Mission 3 - digital skills
The Welsh Government is also making it a priority to create a workforce that has the digital skills, capability and confidence to "excel in the workplace and in everyday life".
It has created a Digital Competence Framework tha Tim's to help develop young people into "enterprising, creative and critical thinkers" by emphasising the importance of digital from an early age.
Similarly, the government is recognising the role will play in changing the shape of the jobs market and has made a commitment to support life-long learning. This is particularly noteworthy given that by 2030, it is estimated that 80% of the workforce will have left compulsory education.
Mission 4 - digital economy
The strategy aims to drive "economic prosperity and resilience by embracing and exploring digital innovation" The government states that digital will play an important part in the short-term recover and ongoing longer transformation of the Welsh economy, post-pandemic.
The belief is that digital innovation creates new prospects for businesses, attracts future investment and talent, improves job quality and supports the flexibility of work.
The government says that it wants to see a coordinated push to drive forward investment in research, innovation and skills, working with industry clusters and academic collaborations to make this happen. The strategy states:
To achieve our ambitions around high quality digital public services we need a digital economy that can support our public sector, but also a public sector which understands how they should work with the market to deliver what they need in a responsive and flexible way.
Wales must look ahead in order to develop strengths in the digital trends of the future. The higher education sector in Wales is developing proposals for a Data Nation Accelerator, bringing together its capability with industry and the public sector to fuel innovation in the areas of artificial intelligence and data science. Proposals of this nature can be important to Wales' future ambitions but will require a commitment from UK funders for them to be realised.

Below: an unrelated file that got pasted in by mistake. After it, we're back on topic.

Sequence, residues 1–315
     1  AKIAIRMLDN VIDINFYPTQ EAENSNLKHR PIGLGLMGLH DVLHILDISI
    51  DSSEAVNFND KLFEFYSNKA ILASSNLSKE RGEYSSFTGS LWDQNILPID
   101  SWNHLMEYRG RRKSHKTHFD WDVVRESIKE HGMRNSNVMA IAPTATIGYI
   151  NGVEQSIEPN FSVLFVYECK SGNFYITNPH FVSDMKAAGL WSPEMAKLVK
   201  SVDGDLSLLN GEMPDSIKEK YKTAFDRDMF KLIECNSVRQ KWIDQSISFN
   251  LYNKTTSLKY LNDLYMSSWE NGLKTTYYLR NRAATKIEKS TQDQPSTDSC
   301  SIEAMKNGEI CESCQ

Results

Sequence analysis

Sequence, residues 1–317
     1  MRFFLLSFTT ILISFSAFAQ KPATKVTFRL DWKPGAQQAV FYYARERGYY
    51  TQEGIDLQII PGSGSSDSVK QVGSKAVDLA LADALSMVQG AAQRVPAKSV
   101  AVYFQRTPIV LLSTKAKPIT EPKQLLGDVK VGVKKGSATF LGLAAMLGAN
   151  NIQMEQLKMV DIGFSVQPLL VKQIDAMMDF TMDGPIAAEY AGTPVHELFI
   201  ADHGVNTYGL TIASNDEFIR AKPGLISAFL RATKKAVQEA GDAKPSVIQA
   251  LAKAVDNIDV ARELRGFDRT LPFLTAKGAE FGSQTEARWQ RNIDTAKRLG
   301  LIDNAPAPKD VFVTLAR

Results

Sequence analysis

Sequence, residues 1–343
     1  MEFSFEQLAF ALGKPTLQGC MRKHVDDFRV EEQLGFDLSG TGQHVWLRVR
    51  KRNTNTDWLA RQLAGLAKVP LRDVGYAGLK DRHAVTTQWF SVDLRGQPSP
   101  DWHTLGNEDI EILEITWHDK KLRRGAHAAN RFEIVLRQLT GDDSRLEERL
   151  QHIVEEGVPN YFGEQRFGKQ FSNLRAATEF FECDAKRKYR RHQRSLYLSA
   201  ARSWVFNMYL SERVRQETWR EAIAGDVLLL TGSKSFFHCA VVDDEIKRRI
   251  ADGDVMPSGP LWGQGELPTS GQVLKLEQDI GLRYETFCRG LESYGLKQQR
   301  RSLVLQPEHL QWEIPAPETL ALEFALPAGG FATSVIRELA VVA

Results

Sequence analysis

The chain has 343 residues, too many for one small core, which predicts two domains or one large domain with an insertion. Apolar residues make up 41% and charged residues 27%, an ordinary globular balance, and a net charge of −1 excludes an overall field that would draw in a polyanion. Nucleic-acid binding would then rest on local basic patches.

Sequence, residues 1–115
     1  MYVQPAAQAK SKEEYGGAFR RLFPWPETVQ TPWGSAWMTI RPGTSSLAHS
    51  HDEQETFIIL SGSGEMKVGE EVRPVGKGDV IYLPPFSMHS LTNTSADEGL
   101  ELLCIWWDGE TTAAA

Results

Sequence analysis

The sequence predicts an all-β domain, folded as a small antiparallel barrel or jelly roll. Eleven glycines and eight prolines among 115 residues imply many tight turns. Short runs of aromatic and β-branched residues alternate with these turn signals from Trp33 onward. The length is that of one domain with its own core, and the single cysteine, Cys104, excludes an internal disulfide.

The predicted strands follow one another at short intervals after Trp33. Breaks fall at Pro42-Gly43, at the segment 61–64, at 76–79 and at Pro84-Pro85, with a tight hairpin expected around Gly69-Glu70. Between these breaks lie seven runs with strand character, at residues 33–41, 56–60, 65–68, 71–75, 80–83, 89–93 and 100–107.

Mission 5 - digital connectivity
Wales is also prioritising investment in fast and reliable infrastructure. However, the strategy notes that digital connectivity and telecommunications policy is the responsibility of the UK government and for which the Welsh Government receives no devolved funding.
However, the strategy still aims to support service delivery wherever there is the case for it and is focused on "ensuring that the UK government fulfils its responsibilities in Wales"
It notes that some parts of Wales still cannot access superfast broadband, whilst elsewhere the commercial rollout of gigabit broadband is gathering momentum. As such, the government aims to use ‘levers at its disposal' to support the country in getting the connectivity it needs.
Mission 6 - data and collaboration
Finally, the strategy talks about the opportunity of better use of data for public services. The Welsh Government wants to improve the services provided by working with stakeholders to make sure that all data is used and shared effectively, has consistent standards, is protected, and "gets where it needs to go".
This includes the use of data to support more automation and the use of AI, the strategy states, whilst making sure that this is done ethically and with integrity. The government believes that this can help deliver savings, take away the burden of repetitive tasks and help people focus on adding value.
The strategy also outlines plans to develop and use common data standards wherever possible and use technical standards, which allow data to be seamlessly shared from one system to another.
There's lots of good stuff here and plenty to like - particularly when looking at the long term focus of the strategy, rather than prioritising short-term success, and the emphasis on digital inclusion. Obviously the focus on designing for user needs and better use of data is what you'd expect to see too. However, whilst there is a clear outline of what outcomes could look like, I think we need a bit more clarity on what is actually being measured here - perhaps with some targets. Clear measurables can help to focus minds and give all those involved a better understanding of what is trying to be achieved, as well as provide a mechanism for the government to be held to account.